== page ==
Chris Miller is the Associate Director of the Brady-Johnson Program in Grand Strategy at Yale University. He has previously served as a lecturer at the New Economic School in Moscow, a visiting researcher and the Carnegie Moscow Center, and a research associate at the Brookings Institution. He’s the author of The Struggle to Save the Soviet Economy: Mikhail Gorbachev and the Collapse of the USSR published by the University of North Carolina Press.
Talib Kweli, “Fly That Knot Ft. Doom,” DOOM presents Unexpected Guests, 2009.
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By Sean — 5 years ago
Moscow has been eerily silent since the Troika (International Monetary Fund, European Commission, and European Central Bank) announced its revised plan to suture Cyprus last Monday. No talk of unprofessionalism. No references to Bolsheviks, expropriations, or confiscations. No histrionics. In an about face, Russia is cooperating with the new deal by “backstopping” the Troika plan with a promise to restructure its $3.2 billion loan to Cyprus.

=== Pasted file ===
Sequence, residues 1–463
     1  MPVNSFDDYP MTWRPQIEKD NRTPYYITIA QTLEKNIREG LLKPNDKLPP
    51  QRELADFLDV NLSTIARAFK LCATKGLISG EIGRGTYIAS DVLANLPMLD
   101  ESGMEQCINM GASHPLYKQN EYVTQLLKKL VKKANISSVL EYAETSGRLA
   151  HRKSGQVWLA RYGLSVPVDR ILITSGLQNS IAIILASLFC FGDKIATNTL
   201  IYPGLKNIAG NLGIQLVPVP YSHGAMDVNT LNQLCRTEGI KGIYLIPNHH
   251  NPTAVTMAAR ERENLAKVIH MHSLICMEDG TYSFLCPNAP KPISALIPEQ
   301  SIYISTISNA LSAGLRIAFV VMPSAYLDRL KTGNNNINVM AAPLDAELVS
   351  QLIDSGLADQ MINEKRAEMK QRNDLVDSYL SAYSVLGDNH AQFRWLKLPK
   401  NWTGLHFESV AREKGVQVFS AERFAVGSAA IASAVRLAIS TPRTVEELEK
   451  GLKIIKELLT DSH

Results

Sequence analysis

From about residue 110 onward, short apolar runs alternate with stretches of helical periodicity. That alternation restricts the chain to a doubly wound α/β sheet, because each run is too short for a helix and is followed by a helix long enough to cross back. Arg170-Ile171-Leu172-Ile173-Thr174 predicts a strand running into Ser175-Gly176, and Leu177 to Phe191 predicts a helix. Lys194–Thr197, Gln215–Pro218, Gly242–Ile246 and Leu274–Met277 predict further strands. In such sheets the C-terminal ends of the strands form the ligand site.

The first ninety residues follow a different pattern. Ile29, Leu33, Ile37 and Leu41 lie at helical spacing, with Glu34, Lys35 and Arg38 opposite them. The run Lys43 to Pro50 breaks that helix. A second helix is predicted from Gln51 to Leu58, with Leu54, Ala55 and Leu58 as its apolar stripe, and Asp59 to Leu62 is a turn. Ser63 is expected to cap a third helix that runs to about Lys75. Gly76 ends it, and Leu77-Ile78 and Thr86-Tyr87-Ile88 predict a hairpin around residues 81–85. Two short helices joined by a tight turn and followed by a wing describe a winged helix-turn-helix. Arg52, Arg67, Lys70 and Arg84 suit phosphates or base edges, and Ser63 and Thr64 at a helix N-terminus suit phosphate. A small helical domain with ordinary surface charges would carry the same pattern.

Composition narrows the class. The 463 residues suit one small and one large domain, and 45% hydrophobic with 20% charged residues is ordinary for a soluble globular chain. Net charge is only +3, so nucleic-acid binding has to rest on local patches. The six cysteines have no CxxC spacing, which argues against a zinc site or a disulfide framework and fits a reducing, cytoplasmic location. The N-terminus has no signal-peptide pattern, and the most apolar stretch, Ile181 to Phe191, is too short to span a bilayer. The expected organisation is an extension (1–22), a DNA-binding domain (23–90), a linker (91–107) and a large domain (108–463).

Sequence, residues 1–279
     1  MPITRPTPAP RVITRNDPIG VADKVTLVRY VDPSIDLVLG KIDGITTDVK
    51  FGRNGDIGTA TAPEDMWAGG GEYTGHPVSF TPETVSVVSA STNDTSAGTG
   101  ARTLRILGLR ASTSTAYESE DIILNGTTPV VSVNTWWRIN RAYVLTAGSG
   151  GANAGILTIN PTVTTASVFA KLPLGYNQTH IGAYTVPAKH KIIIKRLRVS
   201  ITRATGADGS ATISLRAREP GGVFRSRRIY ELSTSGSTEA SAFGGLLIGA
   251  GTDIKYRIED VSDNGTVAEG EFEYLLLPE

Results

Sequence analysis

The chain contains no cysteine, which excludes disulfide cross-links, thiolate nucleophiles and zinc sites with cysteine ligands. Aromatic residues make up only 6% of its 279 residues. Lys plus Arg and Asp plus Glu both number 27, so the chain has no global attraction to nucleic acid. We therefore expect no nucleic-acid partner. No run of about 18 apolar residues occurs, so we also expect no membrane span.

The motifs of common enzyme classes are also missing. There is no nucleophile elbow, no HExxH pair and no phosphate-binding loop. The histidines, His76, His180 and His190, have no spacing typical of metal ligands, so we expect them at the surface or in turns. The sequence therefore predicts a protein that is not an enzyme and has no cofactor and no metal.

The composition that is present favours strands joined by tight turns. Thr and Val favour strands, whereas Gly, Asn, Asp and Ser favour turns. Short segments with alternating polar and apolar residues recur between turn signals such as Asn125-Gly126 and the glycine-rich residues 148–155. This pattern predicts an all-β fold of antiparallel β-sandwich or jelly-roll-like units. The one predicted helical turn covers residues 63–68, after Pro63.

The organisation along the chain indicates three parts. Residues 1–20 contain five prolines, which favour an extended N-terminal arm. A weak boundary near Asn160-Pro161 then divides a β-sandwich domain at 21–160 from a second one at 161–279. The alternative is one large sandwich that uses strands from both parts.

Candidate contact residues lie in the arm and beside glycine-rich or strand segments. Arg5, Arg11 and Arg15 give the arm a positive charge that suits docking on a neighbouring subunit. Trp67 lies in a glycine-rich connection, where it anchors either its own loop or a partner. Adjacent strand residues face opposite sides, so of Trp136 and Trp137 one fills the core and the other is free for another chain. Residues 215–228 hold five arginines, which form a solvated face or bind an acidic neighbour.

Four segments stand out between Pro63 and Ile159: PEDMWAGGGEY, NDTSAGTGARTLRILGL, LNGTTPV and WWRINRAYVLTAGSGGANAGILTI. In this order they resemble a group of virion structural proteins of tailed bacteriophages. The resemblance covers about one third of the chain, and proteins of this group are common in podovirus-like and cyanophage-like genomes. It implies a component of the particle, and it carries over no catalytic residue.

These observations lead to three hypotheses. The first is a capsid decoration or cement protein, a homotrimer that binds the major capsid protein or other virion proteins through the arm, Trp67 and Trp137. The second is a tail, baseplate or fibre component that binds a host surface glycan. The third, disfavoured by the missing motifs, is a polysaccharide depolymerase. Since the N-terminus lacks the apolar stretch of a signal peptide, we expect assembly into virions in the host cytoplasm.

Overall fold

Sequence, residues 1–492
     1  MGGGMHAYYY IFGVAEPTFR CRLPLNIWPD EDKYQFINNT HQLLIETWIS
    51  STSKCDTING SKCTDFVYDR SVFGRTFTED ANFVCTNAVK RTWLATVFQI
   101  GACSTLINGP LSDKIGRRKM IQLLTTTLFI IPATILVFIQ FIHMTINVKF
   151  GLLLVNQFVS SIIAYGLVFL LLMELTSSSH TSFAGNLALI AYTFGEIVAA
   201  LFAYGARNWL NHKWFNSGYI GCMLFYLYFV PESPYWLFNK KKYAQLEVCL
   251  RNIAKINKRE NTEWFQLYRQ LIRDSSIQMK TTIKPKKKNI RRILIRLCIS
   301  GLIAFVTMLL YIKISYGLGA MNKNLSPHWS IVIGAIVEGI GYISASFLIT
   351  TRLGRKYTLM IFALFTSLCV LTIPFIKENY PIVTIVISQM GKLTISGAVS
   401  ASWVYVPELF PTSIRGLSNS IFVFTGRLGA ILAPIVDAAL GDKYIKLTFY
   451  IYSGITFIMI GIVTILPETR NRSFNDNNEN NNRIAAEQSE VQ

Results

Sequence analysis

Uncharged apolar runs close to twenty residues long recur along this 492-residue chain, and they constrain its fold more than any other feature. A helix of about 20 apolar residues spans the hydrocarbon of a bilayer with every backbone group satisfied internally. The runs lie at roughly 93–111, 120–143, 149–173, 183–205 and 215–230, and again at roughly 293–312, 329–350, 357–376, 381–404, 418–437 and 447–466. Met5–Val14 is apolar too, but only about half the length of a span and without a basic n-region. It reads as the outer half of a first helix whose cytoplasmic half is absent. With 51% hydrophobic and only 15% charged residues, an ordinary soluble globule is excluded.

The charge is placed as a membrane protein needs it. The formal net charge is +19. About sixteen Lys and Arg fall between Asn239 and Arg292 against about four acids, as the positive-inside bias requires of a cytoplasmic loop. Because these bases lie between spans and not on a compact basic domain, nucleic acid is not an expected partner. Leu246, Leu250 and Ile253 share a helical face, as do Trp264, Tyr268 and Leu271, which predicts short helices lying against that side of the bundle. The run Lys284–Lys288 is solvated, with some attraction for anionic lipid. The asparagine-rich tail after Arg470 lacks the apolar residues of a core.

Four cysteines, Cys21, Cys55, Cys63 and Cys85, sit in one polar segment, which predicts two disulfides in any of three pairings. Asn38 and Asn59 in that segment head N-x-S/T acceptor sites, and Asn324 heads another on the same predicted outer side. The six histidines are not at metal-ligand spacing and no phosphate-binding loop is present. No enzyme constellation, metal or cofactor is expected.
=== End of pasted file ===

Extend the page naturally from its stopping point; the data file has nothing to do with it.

Why the sudden change of heart? What made the Troika’s second deal more palatable to Moscow than the first? In a blog post last week, I argued that the crisis in Cyprus put Putin in a bind. He could step in and save Russian elites from massive losses, i.e. act in their class interests. Or keeping with his nationalist de-offshorization agenda, he could teach those elites a lesson for stashing their money abroad by letting them drown. Interestingly, the Troika’s new deal allowed Putin to have his cake and eat it too. Namely, the deal saved Russian state companies and some very rich Russians from losing lots of cash at the same time it gave Putin the satisfaction of watching some mid-level Russian businesses and individuals to get flushed down the toilet. The big Russian assets are saved, the weak are punished, and Cyprus gets neutralized as an offshore port and tax haven for Russian capital.
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By Sean — 3 months ago
Guest: Natalia Roudakova on Losing Pravda: Ethics and the Press in Post-Truth Russia published by Cambridge University Press.
By Sean — 11 years ago